Chemotherapy 2016 12;61(3):127-33. Epub 2016 Jan 12.

Background: We studied the efficacy and safety of cabazitaxel in unselected real-life patients.

Patients And Methods: We retrospectively investigated all patients with metastatic prostate cancer (mPC) treated with cabazitaxel 25 mg/m2 i.v. every 3 weeks combined with oral prednisolone (10 mg once daily) after first-line docetaxel chemotherapy. Study issues were to report patient characteristics and cabazitaxel data in terms of tolerance and efficacy. Overall survival (OS) and progression-free survival (PFS) were evaluated using the Kaplan-Meier method. All data were compared with TROPIC results.

Results: From 2011 to 2014, 41 patients received cabazitaxel; 15 patients (37%) had a performance status (PS) ≥2 versus 7% (p < 0.0001) in TROPIC, and 38 patients (93%) presented a Gleason score ≥7 at baseline (vs. 60%; p < 0.0001). All patients had metastatic disease at baseline. Previous therapies were radiotherapy in 17 patients (41 vs. 61%; p = 0.01) and surgery in 24 patients (59 vs. 52%; p = 0.4). The median number of cabazitaxel cycles was 5 (1-10) versus 6 (3-10) in TROPIC. Five patients completed 10 cycles of cabazitaxel (12%) versus 28% in TROPIC (p = 0.03). Toxicities were anemia (12 patients, 29%), diarrhea (9 patients, 22%), nausea (7 patients, 17%), pain (6 patients, 15%), sepsis (4 patients, 10%), neutropenia (3 patients, 7%) and urinary tract infection (1 patient, 2%). The tumor response rate was 19.5 versus 14.4% in TROPIC (nonsignificant). PFS was 4.5 months (95% CI 3.3-6.4) in our analysis and 2.8 months (95% CI 2.4-3.0) in TROPIC. OS was 12.1 months (95% CI 9.2 to not reached) and 15.1 months (95% CI 14.1-16.3), respectively.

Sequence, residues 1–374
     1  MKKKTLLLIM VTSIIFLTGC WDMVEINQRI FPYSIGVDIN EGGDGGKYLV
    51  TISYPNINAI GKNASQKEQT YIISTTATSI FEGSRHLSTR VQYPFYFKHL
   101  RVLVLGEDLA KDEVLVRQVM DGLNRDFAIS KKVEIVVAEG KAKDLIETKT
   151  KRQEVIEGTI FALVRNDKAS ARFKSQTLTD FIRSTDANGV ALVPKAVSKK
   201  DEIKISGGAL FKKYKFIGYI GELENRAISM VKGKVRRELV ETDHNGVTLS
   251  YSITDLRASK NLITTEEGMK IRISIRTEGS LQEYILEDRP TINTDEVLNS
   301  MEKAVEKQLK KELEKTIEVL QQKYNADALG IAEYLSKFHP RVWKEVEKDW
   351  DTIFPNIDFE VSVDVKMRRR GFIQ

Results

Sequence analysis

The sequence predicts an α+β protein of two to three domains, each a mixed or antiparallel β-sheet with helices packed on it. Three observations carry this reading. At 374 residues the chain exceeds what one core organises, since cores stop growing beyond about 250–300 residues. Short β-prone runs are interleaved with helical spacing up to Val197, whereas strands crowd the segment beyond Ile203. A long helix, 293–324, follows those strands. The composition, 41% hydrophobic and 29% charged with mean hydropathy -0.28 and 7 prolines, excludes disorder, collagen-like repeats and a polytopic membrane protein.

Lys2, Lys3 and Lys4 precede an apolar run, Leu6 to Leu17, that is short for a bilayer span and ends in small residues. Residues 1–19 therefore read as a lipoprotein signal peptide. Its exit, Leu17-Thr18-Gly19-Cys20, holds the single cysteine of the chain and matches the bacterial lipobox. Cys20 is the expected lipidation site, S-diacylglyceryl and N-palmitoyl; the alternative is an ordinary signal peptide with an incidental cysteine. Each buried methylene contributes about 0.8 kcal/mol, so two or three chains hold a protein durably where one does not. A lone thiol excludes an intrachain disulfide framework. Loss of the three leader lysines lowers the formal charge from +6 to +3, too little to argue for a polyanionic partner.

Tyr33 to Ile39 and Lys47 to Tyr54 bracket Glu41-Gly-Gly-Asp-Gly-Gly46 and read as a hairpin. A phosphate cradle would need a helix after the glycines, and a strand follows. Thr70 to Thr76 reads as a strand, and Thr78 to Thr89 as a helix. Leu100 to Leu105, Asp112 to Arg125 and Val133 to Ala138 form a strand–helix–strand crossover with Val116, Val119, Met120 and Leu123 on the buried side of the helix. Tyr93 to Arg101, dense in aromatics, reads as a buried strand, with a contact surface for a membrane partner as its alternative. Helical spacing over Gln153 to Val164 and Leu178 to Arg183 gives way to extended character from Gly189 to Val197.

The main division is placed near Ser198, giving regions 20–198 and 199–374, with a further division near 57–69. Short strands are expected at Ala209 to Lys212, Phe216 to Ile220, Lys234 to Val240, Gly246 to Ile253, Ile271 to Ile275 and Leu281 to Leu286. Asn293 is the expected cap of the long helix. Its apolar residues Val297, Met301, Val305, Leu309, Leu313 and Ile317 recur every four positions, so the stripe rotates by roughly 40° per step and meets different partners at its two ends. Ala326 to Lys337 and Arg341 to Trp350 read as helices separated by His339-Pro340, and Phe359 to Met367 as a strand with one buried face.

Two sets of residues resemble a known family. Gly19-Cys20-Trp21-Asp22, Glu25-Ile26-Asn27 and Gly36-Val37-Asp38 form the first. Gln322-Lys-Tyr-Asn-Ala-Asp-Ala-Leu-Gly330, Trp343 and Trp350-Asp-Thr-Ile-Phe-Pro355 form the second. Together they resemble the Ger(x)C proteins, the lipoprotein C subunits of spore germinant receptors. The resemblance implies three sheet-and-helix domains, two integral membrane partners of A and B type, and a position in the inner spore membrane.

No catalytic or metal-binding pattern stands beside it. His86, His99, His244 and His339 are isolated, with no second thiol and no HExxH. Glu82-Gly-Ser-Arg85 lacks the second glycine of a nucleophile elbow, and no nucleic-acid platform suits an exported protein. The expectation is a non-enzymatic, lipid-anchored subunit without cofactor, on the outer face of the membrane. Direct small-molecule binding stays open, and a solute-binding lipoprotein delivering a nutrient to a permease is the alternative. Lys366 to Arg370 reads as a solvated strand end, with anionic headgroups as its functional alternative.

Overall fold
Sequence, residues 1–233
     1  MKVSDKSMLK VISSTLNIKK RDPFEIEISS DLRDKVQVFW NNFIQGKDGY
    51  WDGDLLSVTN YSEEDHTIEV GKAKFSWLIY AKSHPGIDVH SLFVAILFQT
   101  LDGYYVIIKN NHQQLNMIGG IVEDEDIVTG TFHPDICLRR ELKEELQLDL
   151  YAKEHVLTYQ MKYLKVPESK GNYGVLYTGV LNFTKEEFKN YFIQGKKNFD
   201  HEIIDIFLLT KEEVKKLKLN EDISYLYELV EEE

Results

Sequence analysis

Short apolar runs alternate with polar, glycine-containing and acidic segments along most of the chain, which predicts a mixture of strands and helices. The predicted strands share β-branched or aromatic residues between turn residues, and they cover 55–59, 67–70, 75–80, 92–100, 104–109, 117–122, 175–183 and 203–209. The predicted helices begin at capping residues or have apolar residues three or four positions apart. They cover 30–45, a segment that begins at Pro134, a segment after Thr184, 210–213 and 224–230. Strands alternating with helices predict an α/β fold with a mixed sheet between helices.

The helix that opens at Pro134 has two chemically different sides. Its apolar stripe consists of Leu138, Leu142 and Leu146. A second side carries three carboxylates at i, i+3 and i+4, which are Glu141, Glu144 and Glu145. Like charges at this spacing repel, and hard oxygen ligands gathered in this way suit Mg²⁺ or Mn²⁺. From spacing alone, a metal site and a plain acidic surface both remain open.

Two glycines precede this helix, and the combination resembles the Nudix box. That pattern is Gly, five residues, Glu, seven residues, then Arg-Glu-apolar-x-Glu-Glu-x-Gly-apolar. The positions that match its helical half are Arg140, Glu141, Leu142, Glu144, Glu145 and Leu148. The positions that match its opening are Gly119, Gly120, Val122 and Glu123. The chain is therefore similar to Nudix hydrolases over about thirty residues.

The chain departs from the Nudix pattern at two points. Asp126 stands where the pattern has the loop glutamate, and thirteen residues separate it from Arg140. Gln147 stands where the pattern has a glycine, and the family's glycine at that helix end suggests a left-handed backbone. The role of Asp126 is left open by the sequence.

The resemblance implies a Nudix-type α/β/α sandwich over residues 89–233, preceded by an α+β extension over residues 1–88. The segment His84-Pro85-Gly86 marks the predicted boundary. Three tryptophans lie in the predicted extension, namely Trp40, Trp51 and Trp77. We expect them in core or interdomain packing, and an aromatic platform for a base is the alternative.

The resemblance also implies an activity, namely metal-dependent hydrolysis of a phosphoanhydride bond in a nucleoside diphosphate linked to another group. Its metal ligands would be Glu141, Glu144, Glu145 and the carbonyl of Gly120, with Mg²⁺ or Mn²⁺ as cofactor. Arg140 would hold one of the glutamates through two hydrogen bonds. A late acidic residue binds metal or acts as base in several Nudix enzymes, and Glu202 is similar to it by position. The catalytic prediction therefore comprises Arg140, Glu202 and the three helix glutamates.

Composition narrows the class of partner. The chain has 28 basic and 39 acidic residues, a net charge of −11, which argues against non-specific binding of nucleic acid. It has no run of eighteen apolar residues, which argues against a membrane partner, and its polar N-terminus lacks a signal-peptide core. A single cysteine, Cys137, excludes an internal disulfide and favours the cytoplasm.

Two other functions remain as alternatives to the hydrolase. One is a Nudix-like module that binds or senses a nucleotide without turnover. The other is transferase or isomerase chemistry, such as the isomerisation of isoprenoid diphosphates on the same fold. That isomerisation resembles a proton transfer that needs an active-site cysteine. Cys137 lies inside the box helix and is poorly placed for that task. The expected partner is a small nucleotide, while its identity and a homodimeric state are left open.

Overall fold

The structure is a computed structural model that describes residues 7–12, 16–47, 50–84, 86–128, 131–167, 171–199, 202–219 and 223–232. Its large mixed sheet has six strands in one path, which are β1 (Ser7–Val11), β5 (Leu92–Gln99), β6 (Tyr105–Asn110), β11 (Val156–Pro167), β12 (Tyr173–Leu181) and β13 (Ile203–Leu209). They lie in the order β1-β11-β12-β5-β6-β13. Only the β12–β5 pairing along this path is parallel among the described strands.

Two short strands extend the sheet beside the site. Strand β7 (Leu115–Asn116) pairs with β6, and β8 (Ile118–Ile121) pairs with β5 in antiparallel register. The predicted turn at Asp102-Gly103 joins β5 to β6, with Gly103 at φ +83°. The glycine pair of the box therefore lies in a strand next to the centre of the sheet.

Conclusion: In our unselected mPC patients with poorer baseline clinical conditions and aggressive disease, cabazitaxel seems efficient and not more toxic than in the TROPIC study.